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John Rentoul

John Rentoul is chief political commentator for The Independent on Sunday, and visiting fellow at Queen Mary, University of London, where he teaches contemporary history. Previously he was chief leader writer for The Independent. He has written a biography of Tony Blair, whom he admired more at the end of his time in office than he did at the beginning.

"The Independent's must-read man" - Daniel Finkelstein

You can contact John in the comments area or email him at j.rentoul@independent.co.uk

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Tom Harris talks sense

Posted by John Rentoul
  • Monday, 10 May 2010 at 11:41 pm
Tonight's Newsnight was a collector's item. On live television we just witnessed the Lib-Lab coalition blown apart.

First we had Harriet Harman contradicting the version of the terms of the deal that had been briefed by the negotiating team during the afternoon. She warned against assuming that the Labour Party would offer the Alternative Vote without a referendum and referred to the Labour manifesto, which makes it conditional on the consent of the people in a referendum.

Then we had Tom Harris, the MP for Glasgow South, saying that if Gordon Brown tried to put a Bill that went beyond the manifesto to the House of Commons he "and many colleagues" would vote against it. For good measure, he said he would never sit in a coalition government with the Scottish National Party.

I do not blame Brown, Peter Mandelson or Andrew Adonis for trying. And it is strange to see the steeliest of New Labour people such as John Reid and Tom Harris arguing that it is better to be out of power than in. But I do not see a Lib-Lab deal working.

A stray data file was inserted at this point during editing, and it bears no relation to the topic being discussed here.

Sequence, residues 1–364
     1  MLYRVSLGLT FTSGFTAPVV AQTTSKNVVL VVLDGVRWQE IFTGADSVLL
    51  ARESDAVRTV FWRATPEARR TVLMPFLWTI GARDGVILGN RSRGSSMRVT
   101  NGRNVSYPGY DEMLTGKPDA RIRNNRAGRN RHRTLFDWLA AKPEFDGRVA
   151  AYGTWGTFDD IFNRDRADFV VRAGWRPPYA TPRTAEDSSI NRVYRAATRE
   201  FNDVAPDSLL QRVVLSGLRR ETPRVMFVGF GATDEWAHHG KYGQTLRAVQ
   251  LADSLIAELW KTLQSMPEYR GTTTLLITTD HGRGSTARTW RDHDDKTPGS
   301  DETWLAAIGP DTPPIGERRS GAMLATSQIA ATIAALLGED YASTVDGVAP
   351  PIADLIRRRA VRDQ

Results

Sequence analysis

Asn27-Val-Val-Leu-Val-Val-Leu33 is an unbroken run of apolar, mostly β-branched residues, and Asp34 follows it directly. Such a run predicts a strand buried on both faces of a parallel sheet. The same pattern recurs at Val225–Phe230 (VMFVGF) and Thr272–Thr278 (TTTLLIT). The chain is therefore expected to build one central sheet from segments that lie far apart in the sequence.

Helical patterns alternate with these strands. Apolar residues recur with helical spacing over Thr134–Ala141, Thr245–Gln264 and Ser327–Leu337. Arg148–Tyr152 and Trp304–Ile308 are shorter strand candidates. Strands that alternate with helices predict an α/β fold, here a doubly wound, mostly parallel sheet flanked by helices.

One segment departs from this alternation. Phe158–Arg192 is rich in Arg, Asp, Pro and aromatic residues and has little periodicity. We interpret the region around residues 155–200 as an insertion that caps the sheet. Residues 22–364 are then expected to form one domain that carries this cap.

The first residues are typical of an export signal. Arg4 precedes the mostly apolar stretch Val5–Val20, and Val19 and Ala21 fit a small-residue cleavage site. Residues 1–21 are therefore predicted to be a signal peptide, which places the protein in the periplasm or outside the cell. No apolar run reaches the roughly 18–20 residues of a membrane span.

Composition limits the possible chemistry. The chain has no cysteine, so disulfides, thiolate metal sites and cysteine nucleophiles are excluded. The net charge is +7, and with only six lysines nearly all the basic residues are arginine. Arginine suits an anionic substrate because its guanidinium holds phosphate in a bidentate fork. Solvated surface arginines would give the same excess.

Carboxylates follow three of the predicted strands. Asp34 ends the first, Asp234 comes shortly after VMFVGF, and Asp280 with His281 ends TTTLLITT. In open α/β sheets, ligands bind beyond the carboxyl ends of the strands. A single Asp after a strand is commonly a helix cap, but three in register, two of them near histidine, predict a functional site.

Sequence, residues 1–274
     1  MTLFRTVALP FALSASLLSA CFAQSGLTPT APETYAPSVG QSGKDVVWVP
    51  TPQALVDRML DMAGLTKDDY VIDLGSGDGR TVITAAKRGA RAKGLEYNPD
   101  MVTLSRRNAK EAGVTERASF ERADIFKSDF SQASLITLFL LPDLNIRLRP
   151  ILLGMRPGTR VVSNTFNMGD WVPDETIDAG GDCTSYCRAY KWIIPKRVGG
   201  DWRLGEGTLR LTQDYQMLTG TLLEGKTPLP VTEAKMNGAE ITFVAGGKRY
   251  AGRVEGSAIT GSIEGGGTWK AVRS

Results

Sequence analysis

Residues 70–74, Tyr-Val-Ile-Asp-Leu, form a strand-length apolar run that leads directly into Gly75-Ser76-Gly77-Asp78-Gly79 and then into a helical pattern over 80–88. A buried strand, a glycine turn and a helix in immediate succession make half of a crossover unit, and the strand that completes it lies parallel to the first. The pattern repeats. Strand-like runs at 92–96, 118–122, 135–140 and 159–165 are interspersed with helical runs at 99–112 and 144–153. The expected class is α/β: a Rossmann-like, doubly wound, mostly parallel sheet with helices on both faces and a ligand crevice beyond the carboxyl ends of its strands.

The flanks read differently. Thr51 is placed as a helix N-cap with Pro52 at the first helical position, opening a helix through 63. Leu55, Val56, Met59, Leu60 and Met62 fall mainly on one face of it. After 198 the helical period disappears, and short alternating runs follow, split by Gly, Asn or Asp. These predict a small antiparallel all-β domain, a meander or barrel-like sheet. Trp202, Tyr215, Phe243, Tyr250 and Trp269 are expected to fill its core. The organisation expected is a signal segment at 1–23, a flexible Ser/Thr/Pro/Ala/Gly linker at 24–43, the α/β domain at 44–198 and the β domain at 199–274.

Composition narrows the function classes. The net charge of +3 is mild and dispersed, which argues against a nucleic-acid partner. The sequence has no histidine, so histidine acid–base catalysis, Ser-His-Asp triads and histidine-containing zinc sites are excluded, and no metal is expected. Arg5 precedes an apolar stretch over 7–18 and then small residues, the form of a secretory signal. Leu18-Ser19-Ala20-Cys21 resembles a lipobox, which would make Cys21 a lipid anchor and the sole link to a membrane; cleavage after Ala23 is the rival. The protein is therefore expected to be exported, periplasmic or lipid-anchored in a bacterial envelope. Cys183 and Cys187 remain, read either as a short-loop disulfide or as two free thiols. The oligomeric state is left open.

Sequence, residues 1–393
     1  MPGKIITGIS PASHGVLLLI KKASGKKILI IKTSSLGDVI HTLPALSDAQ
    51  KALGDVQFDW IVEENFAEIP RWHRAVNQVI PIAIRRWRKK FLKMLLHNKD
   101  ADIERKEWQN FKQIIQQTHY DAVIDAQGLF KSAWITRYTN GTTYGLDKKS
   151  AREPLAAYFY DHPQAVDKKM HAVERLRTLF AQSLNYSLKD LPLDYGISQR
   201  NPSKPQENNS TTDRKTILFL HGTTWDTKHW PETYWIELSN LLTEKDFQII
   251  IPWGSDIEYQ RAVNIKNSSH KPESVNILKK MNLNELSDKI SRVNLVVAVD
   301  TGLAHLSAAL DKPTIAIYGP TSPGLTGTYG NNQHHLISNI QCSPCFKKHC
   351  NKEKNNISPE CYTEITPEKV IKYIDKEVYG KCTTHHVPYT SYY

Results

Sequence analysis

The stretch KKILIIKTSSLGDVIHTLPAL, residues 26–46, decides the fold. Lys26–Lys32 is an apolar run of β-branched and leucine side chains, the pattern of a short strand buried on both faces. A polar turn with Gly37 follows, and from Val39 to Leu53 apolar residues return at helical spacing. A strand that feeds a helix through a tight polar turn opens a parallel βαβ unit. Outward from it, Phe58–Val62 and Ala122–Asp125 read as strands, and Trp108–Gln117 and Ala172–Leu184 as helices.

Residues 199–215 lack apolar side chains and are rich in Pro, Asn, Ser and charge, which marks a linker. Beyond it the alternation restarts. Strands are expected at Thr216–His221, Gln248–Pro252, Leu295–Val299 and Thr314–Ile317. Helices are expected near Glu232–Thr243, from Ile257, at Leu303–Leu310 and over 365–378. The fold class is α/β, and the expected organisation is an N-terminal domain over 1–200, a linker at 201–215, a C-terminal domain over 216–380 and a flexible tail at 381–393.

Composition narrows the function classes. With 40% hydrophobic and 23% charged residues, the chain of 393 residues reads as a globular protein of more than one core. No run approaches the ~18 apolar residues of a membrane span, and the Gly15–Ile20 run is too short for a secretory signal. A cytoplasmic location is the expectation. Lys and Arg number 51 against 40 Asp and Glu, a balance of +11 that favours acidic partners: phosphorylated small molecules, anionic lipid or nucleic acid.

Comments

Vote Labour get Cameron?
hijiki7777 wrote:
Tuesday, 11 May 2010 at 06:47 am (UTC)
I wonder how sincere these Labour politicians are about their own beliefs when they appear not to care if a right of centre government gets in.
LibDem/Lab coalition blown apart?
liam_ohuigin wrote:
Tuesday, 11 May 2010 at 10:34 am (UTC)
But then again John you've been repeating your view that Clegg's statement that he would deal first with whichever party achieved more votes and seats was an error. It doesn't seem to have stopped him causing maximum panic among the Tories as of last night, does it? Labour may not be sufficiently united to prove satisfactory negotiating partners, but that's hardly Clegg's fault. And as far as Harris having blown a possible coalition agreement apart, I would suggest people look at your predictive success thus far: it's not terribly impressive. As ever, your politically posthumous loyalty to Blair dictates every judgment you make about anything involving Brown. It's no coincidence that arch-Blairites Blunkett and the "steely" Reid are mouthing the same sort of nonsense as you.
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